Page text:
about resolving power?


by KFC
Tags: power, resolving
KFC
KFC is offline
#1
Jul27-09, 10:37 PM
P: 369
Hi there,
I am reading some material on resolving power of lens and diffraction effect. As I known, the first on who consider the relation of diffraction and resolution is E. Abbe in 1873, who gave the following relation

[tex]\sin\alpha = \lambda / (2 n D)[/tex]

where n is the index of refracion and D is aperature diameter. However, in the text of optics, I found something similar but different

[tex]\sin\alpha = 1.22 \lambda / D[/tex]

so what's the difference between these? How does the 1.22 come from?

BTW, later in the text, I also read a criterion call Rayleigh's criterion which just approximate [tex]\sin\alpha[/tex] as [tex]\alpha[/tex] (I guess), so does Rayleigh's criterion only an approximation of Abbe's expression?
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Lok
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#2
Jul28-09, 03:48 AM
P: 406
Maybe they use a standard value for n and don't bother further. n = 1.6... reasonable lens material.
Lok
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#3
Jul28-09, 03:51 AM
P: 406
I forgot ... does the n stand for the refreactive index of the lens or the medium or both?

Andy Resnick
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#4
Jul28-09, 08:32 AM
Sci Advisor
P: 5,468

about resolving power?


Quote Quote by KFC View Post
Hi there,
I am reading some material on resolving power of lens and diffraction effect. As I known, the first on who consider the relation of diffraction and resolution is E. Abbe in 1873, who gave the following relation

[tex]\sin\alpha = \lambda / (2 n D)[/tex]

where n is the index of refracion and D is aperature diameter. However, in the text of optics, I found something similar but different

[tex]\sin\alpha = 1.22 \lambda / D[/tex]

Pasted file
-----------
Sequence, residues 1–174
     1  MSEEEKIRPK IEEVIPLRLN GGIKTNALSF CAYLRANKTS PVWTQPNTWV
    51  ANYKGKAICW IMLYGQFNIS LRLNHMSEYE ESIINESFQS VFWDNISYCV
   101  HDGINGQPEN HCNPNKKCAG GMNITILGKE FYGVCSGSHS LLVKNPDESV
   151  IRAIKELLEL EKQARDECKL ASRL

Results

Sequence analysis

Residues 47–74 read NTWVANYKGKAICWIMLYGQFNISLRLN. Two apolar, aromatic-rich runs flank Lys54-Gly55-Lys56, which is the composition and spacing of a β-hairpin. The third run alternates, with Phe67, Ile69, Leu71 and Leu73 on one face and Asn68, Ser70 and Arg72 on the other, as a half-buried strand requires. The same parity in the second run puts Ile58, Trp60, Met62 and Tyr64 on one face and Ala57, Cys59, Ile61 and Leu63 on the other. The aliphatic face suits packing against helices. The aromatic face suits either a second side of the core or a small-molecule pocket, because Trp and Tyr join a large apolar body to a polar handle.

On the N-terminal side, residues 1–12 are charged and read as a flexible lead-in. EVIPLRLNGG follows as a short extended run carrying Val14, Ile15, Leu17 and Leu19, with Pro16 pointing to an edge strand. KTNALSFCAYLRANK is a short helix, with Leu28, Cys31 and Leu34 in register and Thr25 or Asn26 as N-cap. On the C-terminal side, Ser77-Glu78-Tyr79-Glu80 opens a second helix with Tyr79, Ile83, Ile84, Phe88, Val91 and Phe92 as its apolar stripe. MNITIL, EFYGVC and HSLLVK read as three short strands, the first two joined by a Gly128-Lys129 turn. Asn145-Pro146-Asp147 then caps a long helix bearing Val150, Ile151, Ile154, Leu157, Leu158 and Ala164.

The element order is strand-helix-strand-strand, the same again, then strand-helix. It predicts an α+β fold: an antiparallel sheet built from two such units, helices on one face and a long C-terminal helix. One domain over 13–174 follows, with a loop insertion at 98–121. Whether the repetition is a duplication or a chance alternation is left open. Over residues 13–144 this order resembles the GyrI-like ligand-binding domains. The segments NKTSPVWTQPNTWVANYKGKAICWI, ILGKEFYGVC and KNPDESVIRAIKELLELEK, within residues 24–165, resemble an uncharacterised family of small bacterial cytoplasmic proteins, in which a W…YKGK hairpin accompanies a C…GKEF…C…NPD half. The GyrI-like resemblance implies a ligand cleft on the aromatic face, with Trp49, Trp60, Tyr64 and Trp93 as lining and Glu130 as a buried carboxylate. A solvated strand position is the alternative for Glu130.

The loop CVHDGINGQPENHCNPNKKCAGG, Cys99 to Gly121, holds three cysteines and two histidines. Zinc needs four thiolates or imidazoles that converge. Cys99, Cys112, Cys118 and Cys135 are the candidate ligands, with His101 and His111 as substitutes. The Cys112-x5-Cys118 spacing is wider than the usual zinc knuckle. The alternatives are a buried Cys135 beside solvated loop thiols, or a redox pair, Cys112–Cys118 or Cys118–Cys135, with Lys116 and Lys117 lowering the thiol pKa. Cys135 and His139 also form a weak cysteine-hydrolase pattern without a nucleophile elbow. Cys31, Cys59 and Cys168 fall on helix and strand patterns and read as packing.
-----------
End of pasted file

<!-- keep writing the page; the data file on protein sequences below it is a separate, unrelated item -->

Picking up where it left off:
so what's the difference between these? How does the 1.22 come from?

BTW, later in the text, I also read a criterion call Rayleigh's criterion which just approximate [tex]\sin\alpha[/tex] as [tex]\alpha[/tex] (I guess), so does Rayleigh's criterion only an approximation of Abbe's expression?
The second formula relates to the minimum size of an imaged point, and is called the Rayleigh criterion. That is, a point object will image to an Airy disk (insert caveats here), and the factor 1.22 is the full-width half-max of the Airy function (or sombrero function, or J_0(ax)/ax). This means two points have to be separated by a certain distance to be resolved as two points. The Rayleigh criterion was derived based on telescopes observing distant stars.

The first formula looks like the Abbe criterion, and is also related to the minimum resolving power of a lens. There are some slight nuances between the two (the Abbe criteria was derived based on Bragg scattering), but the bottom line to remember is that "resolving power" is not well-defined in general.

The approximation sin(a) ~ a is not Rayleigh's criteria, it's the paraxial approximation, and is used in geometrical optics.

Does that help?
mgb_phys
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#5
Jul28-09, 08:38 AM
Sci Advisor
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P: 8,961
It's also worth knowing that the Airy criterion (the 1.22) is only an arbitrary limit picked by Airy - it's roughly the point at which you can distinguish two stars by eye. There is information in the image below this limit

The n is the general case but it is of the medium between the lens and the object which is almost always either space (n=1) or air (n=1 and a bit) so it gets forgotten about.
KFC
KFC is offline
#6
Jul28-09, 11:34 AM
P: 369
Thank you all of you. Now it is clear.
KFC
KFC is offline
#7
Jul28-09, 02:41 PM
P: 369
Quote Quote by mgb_phys View Post
It's also worth knowing that the Airy criterion (the 1.22) is only an arbitrary limit picked by Airy - it's roughly the point at which you can distinguish two stars by eye. There is information in the image below this limit

The n is the general case but it is of the medium between the lens and the object which is almost always either space (n=1) or air (n=1 and a bit) so it gets forgotten about.
So ... you call the criterion (the 1.22) as Airy criterion? I wonder who, Airy or Rayleigh, is the first one who propose that criterion? Do you know which paper first present this idea?
mgb_phys
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#8
Jul28-09, 02:54 PM
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P: 8,961
Sorry should be the Raleigh criterion (another British astronomer around the same time) the distribution of the light is an Airy function (invented by Airy before Raleigh was born) but the limit is due to Raleigh


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